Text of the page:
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Lev-Washburn Regression

Lev-Washburn Regression

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Published by Lee Irwin
A brief introduction to Washburn's ideas about the role of regression as a necessary aspect of personal deevlopment.
A brief introduction to Washburn's ideas about the role of regression as a necessary aspect of personal deevlopment.

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Published by: Lee Irwin on Jul 01, 2011
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11/07/2012

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ISSN: 1540-5699. © Copyright by Ahead Publishing House (imprint: Okcir Press). All Rights Reserved.
 HUMANARCHITECTURE
 JournaloftheSociology ofSelf-
 
A Publication of OKCIR: The Omar Khayyam Center for Integrative Research in Utopia, Mysticism, and Science (Utopystics)
 Michael Washburn, in the second edi-tion of his seminal work,
The Ego and the Dynamic Ground: A Transpersonal Theory of  Development 
(1995)
  ,
provides a rich discus-sion of a pivotal feature of his dynamic-di-alectical model of development. His con-cept of regression in the service of transcen-dence is a twist of the phrase, regression inthe service of the ego. The Freudian appli-cation of using regressive techniques tohelp restructure the personality is trans-formed almost a century later to addressthemes and debates within the
eld of transpersonal development. Washburn em-ploys the concept to illustrate a stage inspiritual development where there is a cri-sis or dark night of the soul preceding aspiritual awakening. What was lost or re-pressed in the psyche through the primalrepression of the ego is retrieved once againthrough regression (p. 171).Regression is mediated by a renewed
Shoshana Lev is a doctoral student in the Clinical Psychology program at The Institute of Transpersonal Psychology, inPalo Alto, CA. Her work includes counseling trauma survivors and those suffering from acute mental illness. She isinterested in illuminating that place of communal self-discovery where the work of social transformation meets theprocess of self-healing. A practitioner of various mind-body integration and spiritual healing practices, Shoshana sees lifeas a delicate dance of balance where the self may be understood as an intrapsychic community seeking to unite with allthat exists.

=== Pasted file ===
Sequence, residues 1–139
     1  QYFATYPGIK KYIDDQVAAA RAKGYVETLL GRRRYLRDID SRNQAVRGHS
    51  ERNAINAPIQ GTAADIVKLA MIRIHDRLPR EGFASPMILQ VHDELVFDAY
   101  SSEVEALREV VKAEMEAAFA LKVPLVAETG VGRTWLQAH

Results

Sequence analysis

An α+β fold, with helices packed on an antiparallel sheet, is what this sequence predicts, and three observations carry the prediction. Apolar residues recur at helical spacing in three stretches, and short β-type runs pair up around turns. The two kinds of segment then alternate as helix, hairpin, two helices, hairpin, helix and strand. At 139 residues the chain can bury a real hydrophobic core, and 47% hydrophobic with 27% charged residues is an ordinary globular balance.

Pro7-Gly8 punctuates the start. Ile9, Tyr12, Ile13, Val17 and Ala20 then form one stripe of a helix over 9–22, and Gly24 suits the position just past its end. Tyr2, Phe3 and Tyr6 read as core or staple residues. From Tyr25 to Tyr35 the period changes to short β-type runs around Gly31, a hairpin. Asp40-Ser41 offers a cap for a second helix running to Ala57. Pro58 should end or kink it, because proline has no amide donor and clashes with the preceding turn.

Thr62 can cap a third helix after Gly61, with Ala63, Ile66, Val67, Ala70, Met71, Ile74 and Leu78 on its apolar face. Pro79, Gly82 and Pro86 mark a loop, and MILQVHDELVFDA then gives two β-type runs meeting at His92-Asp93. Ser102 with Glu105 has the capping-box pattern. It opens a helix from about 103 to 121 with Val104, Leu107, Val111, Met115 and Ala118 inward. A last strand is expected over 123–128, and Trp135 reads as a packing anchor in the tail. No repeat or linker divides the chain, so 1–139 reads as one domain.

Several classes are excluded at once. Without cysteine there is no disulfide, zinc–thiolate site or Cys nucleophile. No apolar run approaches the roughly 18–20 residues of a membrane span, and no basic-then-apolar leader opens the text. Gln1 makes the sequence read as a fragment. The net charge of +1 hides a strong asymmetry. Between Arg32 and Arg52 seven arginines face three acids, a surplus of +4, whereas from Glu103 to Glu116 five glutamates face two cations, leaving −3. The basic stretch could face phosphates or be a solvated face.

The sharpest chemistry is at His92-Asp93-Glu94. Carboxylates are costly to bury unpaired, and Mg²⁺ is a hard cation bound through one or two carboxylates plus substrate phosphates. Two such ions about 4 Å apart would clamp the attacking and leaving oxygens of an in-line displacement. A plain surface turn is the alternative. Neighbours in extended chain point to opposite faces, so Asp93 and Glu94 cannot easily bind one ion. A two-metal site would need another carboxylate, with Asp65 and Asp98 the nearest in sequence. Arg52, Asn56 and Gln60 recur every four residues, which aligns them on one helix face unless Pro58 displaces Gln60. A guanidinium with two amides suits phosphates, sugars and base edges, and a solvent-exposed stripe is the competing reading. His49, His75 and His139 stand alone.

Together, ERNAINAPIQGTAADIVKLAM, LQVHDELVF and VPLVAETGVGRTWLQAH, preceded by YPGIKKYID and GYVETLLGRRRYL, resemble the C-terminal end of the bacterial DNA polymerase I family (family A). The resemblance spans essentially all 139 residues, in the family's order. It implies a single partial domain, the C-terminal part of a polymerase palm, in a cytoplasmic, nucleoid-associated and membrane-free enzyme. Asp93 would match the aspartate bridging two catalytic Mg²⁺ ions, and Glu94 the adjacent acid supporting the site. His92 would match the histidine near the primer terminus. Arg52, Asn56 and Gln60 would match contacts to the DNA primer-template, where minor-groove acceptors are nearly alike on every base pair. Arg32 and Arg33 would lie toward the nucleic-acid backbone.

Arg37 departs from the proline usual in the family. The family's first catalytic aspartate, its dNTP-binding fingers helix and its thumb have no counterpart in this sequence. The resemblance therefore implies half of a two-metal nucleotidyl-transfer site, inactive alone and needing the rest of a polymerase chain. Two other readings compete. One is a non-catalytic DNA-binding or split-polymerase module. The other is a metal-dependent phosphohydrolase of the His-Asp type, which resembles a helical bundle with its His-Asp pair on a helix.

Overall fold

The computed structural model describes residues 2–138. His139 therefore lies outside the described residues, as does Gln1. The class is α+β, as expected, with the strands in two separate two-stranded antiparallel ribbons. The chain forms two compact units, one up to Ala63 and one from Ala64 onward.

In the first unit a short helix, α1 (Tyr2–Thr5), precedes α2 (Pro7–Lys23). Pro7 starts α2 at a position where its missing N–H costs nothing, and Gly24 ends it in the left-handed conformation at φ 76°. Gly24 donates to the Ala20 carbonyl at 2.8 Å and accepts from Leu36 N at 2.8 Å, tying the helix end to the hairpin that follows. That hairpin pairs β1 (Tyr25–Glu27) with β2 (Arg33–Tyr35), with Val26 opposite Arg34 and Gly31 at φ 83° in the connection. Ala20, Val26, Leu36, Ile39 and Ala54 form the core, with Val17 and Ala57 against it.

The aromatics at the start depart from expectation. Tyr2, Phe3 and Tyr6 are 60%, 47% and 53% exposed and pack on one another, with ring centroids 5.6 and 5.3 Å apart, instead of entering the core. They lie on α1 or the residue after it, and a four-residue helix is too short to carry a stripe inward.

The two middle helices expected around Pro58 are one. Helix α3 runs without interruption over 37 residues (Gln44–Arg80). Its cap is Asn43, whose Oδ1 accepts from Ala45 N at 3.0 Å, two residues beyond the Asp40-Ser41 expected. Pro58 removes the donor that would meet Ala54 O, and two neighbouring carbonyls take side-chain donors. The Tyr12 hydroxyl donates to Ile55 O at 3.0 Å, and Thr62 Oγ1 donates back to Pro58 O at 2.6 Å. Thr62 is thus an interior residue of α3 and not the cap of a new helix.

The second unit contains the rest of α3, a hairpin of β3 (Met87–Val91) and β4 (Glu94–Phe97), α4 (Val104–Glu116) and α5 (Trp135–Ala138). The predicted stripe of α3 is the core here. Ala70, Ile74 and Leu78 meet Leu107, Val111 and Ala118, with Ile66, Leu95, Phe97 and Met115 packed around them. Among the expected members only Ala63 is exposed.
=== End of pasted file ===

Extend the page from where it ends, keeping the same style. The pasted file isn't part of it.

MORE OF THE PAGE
Regression in the Service of Transcendence
Reading Michael Washburn
Shoshana Lev
The Institute of Transpersonal Psychology
––––––––––––––––––––––––––––––––––––––
rose32lev@comcast.net
Abstract:
Michael Washburn’s idea (1995) of using regression as a process that may actuallyserve spiritual development is attractive for many reasons. First, it transmutes a more pathologi-cal orientation toward manifestations of psychological suffering into one that has the ability tohold greater value for the life purpose of an individual. Instead of viewing people as clusters of symptoms needing to be treated, or as less spiritually evolved when suffering is present, Wash-burn offers a model that places suffering within a larger paradigm of spiritual unfolding. Thisapproach may be quite helpful to those in the spiritual and psychotherapeutic communities, asclients or practitioners, because it allows a frame from which to view what may seem like a meresnapshot metamorphose into a full motion picture by allowing presenting symptoms to have alarger meaning. However, it is also important not to reify theoretical concepts by creating a kindof orthodox dogma with potential to do more harm than good. Fortunately, Washburn himself isnot a Washburn fundamentalist and does address issues surrounding instances of severe pathol-ogy. Though he does not provide treatment options or any clinical solutions, he does provide anoverarching framework within which regressive experience and suffering can have meaning. Heconstructs a place where the prism of experience is never severed from the dynamic ground of which it and all things emerge.